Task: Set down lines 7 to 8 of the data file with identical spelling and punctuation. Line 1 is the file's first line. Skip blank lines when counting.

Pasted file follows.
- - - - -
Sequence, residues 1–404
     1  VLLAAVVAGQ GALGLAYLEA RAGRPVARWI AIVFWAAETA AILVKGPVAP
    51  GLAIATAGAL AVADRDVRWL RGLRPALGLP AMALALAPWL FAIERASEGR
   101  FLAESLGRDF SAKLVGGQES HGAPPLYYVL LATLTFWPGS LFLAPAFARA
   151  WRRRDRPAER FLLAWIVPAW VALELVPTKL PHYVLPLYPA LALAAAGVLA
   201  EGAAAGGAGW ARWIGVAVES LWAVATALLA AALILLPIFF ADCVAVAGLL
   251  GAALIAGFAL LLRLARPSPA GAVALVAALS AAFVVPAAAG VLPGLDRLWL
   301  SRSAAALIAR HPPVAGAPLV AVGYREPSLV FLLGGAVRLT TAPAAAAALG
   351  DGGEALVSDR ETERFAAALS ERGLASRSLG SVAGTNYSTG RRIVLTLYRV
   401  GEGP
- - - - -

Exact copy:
   251  GAALIAGFAL LLRLARPSPA GAVALVAALS AAFVVPAAAG VLPGLDRLWL
   301  SRSAAALIAR HPPVAGAPLV AVGYREPSLV FLLGGAVRLT TAPAAAAALG